In connection with your employment lawsuit, the defense lawyer (i.e., the lawyer representing your former employer) may demand that you submit to a mental health examination. Generally, defense attorneys seek mental examinations for two reasons, both of which are completely unrelated to the stated purpose of the examination (i.e., an evaluation of your mental condition). First, defense attorneys believe that the “threat” of a defense mental examination will scare you into dropping your lawsuit or settling it for far less than it is worth. Second, defense attorneys use the defense mental examination as a discovery vehicle to try to obtain negative information about you that they would otherwise not be permitted to discover.
The rules of evidence provide that a mental examination may be taken (a) pursuant to a court order or an agreement between the parties and (b) only if your mental condition is “in controversy.” In a minority of jurisdictions, the courts interpret “in controversy” broadly, so that simply by alleging emotional distress damages you have placed your mental condition in issue. These courts reason that if you are going to present evidence of emotional distress – even if only “normal” emotional distress – then the defendant-employer has a right to have you examined in order to gather evidence to defend against your claim.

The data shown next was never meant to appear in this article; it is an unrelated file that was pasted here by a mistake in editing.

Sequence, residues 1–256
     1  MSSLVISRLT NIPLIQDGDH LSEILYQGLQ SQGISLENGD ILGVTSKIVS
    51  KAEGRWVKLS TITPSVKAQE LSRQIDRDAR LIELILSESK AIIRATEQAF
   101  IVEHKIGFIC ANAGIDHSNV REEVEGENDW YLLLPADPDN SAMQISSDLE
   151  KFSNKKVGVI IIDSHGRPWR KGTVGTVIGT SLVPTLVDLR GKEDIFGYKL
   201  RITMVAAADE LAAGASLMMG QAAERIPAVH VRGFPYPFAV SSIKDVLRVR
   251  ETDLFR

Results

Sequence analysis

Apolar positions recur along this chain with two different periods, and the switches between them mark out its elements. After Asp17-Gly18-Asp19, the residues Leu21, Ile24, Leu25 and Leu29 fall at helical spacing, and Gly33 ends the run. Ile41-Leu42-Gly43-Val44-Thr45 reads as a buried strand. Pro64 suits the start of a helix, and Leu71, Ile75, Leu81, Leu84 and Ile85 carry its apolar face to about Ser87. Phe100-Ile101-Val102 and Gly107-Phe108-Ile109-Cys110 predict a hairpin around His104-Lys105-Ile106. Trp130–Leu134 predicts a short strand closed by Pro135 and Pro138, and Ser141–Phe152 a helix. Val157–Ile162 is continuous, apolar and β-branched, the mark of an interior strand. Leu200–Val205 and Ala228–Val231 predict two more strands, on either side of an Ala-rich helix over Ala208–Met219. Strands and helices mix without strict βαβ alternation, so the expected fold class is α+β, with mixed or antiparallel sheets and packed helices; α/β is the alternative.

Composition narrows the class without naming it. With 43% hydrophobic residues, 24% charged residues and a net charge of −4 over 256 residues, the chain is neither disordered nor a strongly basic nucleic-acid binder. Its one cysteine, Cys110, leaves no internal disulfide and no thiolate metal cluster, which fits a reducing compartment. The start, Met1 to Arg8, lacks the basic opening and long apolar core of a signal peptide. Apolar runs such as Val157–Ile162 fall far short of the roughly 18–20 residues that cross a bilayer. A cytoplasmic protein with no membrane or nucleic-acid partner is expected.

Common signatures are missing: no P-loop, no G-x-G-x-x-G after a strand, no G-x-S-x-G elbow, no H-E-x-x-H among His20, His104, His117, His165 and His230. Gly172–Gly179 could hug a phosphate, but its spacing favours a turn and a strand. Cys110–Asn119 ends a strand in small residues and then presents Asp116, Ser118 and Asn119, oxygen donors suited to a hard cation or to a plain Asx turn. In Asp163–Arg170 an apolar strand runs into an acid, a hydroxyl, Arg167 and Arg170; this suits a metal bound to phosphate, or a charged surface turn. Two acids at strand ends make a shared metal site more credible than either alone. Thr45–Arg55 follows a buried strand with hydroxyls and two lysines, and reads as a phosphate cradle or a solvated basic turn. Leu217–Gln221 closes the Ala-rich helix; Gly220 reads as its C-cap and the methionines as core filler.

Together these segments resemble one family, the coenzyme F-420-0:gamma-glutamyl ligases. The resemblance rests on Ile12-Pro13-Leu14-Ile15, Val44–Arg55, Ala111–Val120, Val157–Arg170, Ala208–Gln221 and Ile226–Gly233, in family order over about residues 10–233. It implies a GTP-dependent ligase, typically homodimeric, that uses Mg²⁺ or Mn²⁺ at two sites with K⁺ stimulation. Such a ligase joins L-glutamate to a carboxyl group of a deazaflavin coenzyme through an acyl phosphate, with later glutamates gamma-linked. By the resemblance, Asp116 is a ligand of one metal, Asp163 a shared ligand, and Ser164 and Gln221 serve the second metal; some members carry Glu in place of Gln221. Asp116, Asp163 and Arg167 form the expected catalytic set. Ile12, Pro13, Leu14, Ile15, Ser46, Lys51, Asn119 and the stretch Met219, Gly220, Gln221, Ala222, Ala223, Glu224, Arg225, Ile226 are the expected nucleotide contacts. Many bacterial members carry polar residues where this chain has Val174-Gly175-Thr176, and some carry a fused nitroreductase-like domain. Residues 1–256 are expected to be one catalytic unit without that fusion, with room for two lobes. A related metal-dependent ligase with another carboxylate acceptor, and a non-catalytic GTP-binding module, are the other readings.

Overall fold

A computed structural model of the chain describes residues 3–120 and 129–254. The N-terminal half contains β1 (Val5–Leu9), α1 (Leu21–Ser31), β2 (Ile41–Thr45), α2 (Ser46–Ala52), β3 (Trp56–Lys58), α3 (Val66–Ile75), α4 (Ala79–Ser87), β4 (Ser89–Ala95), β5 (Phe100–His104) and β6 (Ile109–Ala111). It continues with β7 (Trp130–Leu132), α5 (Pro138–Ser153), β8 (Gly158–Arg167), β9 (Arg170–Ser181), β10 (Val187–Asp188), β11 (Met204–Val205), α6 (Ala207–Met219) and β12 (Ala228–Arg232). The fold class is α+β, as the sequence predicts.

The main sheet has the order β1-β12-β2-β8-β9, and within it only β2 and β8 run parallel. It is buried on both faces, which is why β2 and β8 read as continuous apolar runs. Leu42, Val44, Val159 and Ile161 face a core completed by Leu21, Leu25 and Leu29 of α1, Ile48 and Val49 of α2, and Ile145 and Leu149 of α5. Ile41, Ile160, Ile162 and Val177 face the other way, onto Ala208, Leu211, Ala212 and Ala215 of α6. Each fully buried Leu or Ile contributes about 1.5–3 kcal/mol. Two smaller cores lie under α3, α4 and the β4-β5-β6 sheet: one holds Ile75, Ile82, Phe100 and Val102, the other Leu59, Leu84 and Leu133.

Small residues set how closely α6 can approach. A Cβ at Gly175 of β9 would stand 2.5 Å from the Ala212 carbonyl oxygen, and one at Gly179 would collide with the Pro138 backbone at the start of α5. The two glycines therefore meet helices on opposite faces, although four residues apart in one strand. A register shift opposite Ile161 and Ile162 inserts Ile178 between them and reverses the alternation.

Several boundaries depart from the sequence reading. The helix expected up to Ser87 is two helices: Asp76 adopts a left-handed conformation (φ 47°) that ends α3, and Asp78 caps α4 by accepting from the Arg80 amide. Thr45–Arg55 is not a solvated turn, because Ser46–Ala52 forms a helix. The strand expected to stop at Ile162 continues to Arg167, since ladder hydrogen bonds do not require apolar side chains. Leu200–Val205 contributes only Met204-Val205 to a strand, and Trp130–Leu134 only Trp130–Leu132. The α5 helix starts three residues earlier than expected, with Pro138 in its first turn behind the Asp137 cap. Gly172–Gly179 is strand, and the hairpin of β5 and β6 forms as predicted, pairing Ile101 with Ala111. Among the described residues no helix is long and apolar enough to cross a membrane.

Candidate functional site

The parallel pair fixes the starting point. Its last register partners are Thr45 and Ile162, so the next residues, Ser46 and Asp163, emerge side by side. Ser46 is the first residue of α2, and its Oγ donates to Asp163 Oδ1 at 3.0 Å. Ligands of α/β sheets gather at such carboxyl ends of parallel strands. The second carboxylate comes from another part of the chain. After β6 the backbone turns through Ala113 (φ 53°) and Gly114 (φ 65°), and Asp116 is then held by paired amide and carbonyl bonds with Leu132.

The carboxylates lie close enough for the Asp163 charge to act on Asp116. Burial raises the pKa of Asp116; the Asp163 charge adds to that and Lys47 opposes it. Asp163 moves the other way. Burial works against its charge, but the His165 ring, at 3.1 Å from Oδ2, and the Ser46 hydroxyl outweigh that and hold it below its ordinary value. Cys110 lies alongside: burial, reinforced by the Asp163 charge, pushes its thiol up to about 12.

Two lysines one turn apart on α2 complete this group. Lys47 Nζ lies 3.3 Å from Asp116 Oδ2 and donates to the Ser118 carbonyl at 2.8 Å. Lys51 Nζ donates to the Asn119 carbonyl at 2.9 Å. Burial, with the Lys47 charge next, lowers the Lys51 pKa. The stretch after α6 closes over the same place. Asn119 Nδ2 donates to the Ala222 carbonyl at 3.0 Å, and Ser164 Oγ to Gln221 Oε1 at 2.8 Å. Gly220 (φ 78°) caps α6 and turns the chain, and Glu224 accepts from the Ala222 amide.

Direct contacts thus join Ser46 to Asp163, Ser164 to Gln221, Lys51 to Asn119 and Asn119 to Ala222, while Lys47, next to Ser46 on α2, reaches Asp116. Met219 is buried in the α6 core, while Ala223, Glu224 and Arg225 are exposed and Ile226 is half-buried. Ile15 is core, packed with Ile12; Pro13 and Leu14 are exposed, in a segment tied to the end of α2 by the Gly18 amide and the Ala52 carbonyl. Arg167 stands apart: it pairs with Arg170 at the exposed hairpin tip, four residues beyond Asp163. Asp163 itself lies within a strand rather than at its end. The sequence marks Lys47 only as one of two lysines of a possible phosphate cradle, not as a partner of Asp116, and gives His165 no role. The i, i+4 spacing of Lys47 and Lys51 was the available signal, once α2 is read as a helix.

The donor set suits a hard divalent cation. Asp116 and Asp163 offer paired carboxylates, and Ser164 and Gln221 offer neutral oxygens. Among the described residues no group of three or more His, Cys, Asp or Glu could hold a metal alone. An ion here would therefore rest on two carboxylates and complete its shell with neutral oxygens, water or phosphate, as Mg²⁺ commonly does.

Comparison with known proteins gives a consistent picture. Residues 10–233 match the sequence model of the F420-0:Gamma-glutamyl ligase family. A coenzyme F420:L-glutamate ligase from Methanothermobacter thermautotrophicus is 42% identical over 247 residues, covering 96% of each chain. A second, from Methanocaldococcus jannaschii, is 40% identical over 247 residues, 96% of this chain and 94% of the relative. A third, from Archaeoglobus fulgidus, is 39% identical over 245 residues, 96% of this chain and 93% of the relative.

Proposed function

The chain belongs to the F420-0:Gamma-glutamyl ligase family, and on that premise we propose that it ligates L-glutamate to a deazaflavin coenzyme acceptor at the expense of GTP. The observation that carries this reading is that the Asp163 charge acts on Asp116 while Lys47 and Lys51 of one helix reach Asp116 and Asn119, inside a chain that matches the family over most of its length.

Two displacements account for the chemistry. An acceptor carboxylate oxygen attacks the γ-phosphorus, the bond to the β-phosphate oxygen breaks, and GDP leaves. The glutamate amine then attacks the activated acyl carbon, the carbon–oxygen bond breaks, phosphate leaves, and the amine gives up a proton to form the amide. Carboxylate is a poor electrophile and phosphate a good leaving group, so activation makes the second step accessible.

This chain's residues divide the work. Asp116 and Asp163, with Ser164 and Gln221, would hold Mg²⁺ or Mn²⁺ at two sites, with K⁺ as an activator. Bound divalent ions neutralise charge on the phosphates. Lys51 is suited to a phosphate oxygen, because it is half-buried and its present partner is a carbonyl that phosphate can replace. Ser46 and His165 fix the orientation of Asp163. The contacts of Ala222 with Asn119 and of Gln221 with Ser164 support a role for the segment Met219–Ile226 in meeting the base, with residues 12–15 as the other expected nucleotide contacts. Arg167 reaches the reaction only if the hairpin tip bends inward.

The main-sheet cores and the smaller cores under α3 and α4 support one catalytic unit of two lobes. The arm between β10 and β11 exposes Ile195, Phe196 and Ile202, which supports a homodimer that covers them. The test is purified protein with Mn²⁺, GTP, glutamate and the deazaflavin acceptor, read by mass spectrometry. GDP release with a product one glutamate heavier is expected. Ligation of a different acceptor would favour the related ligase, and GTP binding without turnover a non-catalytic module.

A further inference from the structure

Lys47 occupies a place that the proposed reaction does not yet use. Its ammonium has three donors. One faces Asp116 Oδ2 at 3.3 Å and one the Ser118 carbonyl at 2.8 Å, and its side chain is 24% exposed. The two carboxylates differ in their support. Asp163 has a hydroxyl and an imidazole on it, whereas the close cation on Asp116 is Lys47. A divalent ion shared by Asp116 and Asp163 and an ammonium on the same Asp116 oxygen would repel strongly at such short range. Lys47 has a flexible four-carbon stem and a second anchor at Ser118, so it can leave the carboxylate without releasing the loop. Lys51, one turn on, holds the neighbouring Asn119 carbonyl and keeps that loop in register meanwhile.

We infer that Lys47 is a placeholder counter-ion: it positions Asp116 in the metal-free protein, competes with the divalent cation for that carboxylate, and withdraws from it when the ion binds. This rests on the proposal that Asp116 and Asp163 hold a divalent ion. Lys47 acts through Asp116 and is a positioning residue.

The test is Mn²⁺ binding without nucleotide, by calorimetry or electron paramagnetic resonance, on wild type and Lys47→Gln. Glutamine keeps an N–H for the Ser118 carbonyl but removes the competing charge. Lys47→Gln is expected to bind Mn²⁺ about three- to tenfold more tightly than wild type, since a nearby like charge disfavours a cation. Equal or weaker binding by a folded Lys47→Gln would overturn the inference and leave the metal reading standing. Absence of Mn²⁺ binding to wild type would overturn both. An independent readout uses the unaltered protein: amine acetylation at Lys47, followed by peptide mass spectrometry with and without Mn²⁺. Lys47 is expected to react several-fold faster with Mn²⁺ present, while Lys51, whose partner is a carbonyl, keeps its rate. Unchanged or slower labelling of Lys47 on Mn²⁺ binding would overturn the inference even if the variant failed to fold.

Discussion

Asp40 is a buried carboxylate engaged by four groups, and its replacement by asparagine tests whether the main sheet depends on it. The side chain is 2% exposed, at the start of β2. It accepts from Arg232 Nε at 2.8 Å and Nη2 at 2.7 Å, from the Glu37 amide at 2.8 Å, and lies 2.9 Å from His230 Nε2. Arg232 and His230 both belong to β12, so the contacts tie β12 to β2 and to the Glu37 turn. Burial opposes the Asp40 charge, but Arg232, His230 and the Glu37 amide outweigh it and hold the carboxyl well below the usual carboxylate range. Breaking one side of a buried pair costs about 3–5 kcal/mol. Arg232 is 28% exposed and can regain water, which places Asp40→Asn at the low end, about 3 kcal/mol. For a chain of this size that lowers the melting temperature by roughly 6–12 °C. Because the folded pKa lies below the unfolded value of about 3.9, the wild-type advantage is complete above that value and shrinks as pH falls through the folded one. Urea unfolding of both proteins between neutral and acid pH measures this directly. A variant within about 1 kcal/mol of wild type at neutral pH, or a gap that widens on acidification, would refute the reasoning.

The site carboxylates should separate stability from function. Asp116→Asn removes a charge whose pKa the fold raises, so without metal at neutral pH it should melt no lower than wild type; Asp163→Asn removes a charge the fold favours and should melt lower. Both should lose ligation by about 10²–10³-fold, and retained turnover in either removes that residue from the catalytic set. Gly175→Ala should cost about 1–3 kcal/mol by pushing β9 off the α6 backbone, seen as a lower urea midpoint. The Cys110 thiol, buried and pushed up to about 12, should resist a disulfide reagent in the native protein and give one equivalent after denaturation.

Most courts, however, have rejected this view in favor of a balancing test that looks to see whether you have done more than simply allege mental distress. In these jurisdictions, you would not be subjected to a psychiatric examination merely because you claim to have suffered humiliation, mental anguish, and/or emotional distress as a result of the defendant-employer’s conduct. You would have to allege, in addition, one or more of the following factors: (1) you have asserted a specific cause of action for intentional or negligent infliction of emotional distress; (2) you have alleged a specific mental or psychiatric injury or disorder; (3) you have claimed unusually severe emotional distress; (4) you have offered expert testimony in support of your claim for emotional distress damages; and/or (5) you concede that your mental condition is “in controversy” within the meaning of the rules of evidence.
Still other courts have held that the defendant-employer is not entitled to conduct a defense mental examination if you are claiming past mental distress, but not ongoing mental injuries. In these courts, if you allege past, but not present, pain and suffering, then there is no basis for a mental examination.
If you are concerned about the possibility of a defense mental examination, talk with an experienced employment lawyer. He or she can explain the law in your jurisdiction and review your legal options.